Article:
This is rumination.  It’s your brain on a hamster wheel – cycling round and round and getting nowhere.  Studies show that when we are sad or angry or anxious, our brain selectively calls to mind negative thoughts which further intensify the negative emotion.  That’s what was happening to me in my groggy, middle-of-the-night awakening – the negative thoughts brought me more anxiety, which induced more intense negative thoughts, cycling into a deeper and deeper hole.

Negativity distorts our view of the world making it impossible to think straight or see the big picture.   Though we try to ‘think our way out’ of these challenges, our brains are simply incapable of doing this consistently.  So the key is to break the rumination cycle. Here are a couple proven ways to do this:

Healthy Distractions

Get engaged in something else, something that completely absorbs you.  Physical activities are great – go for a swim, do a little yoga or take a brisk walk.  Mini social opportunities are good too; call a friend and ask about something fun in their lives or engage in a game with your kids.  Make a list of engaging distractions that you can use – it can be something from your happiness list (link) that brings you joy but neutral activities such as reading articles for work or doing a Sudoku puzzle can make a difference as long as they engage you.

Since rumination can happen anytime, anywhere, it’s helpful to have these distractions with you wherever you are – so keep those running shoes in the car, load your iPod up with your favorite music, and have a puzzle app on your phone.  Just a couple minutes of fully engaging in another activity is usually enough to pull you out of your emotional nosedive.

Just Holler STOP

Another effective method is to yell STOP in your head.   Just telling yourself, “I should stop thinking this” isn’t enough.  It’s got to be your-child-is-running-towards-a-busy-street level of STOP.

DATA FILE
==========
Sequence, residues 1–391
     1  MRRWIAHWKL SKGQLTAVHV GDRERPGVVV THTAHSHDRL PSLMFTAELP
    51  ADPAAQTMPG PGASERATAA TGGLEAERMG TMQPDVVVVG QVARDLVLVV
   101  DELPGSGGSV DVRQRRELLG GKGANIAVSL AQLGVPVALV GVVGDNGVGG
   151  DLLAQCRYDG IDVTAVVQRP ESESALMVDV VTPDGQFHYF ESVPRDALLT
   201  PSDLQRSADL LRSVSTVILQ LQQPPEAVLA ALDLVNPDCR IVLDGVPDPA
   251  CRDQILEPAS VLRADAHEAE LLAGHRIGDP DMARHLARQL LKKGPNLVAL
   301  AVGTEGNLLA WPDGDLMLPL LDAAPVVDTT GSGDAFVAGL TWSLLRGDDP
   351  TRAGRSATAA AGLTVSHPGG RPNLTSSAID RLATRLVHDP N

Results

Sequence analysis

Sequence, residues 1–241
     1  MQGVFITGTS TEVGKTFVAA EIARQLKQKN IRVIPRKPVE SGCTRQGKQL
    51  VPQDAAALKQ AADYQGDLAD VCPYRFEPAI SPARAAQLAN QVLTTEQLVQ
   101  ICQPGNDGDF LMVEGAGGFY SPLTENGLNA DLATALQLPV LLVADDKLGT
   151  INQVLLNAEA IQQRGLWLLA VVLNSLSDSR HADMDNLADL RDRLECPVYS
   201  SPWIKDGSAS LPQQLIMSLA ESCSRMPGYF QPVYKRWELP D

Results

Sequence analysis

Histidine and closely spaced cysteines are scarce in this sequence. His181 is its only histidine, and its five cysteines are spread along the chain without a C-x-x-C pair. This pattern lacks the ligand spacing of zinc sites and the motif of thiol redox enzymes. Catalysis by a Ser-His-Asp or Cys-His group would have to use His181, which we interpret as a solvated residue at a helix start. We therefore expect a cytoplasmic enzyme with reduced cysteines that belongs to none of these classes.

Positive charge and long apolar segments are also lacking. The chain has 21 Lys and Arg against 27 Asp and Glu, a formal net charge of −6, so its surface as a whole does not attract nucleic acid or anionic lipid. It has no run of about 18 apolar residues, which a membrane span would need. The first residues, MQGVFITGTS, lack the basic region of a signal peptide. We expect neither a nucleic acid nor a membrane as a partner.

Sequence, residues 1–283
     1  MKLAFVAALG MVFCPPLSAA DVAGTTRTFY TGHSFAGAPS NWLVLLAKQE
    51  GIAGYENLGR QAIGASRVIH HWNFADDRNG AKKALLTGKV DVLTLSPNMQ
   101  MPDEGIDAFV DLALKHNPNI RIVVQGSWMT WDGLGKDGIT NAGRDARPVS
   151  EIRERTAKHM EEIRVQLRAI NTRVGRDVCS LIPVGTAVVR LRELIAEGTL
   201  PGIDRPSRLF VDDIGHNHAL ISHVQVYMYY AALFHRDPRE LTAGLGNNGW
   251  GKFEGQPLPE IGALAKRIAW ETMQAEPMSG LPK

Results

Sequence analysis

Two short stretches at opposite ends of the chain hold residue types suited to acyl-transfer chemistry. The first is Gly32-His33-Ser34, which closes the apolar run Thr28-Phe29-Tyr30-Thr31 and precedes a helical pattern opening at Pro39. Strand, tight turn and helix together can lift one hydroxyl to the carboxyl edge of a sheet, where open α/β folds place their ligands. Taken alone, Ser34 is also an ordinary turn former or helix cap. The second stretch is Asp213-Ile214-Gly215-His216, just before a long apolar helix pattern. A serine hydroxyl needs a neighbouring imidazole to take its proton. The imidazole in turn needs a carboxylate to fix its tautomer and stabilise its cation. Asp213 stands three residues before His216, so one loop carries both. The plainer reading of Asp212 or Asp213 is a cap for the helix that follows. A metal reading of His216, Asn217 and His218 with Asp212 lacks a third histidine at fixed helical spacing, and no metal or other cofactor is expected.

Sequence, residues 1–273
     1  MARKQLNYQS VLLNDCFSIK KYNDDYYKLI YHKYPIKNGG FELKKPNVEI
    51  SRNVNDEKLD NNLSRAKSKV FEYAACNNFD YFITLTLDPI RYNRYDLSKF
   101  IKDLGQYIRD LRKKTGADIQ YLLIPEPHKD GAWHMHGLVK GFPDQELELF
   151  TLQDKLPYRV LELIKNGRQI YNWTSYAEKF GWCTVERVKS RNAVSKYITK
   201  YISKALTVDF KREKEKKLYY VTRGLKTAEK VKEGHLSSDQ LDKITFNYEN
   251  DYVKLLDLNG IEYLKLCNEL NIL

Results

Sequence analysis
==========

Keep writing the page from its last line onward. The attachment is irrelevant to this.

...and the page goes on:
When I started using this, I couldn’t get my internal voice strong enough to break my incessant thoughts, so I practiced by bringing up stressful thoughts on purpose and actually shouting ‘stop’ out loud (in a room by myself, of course, can you imagine my kids’ confusion otherwise?)

When you get enough energy into that stop, it literally stops all thoughts for a couple seconds.   That internal voice gets shocked into quiet.  Once you get there, focus on a couple deep belly breaths and bring to mind a positive memory (it’s good to make a list of 10-20 of these so you don’t wear out any specific one).   As I’ve moved forward with the practice, I’ve learned to retain the power of it, but silently (which is fortunate since I find myself using it out in public at times :)).  Once you get good at this, it can transition you out of rumination (or any undesirable thought pattern) in just a couple minutes.

Then What?

Once we break the grip of rumination, the power of those thoughts often recedes with little to no more effort on our part.  As you re-set your brain to neutral or positive, those invasive thoughts often seem silly and our path forward becomes clear.  (Most of us have experienced this the morning after a night of rumination: “Why was I up for hours worried about THAT?!”)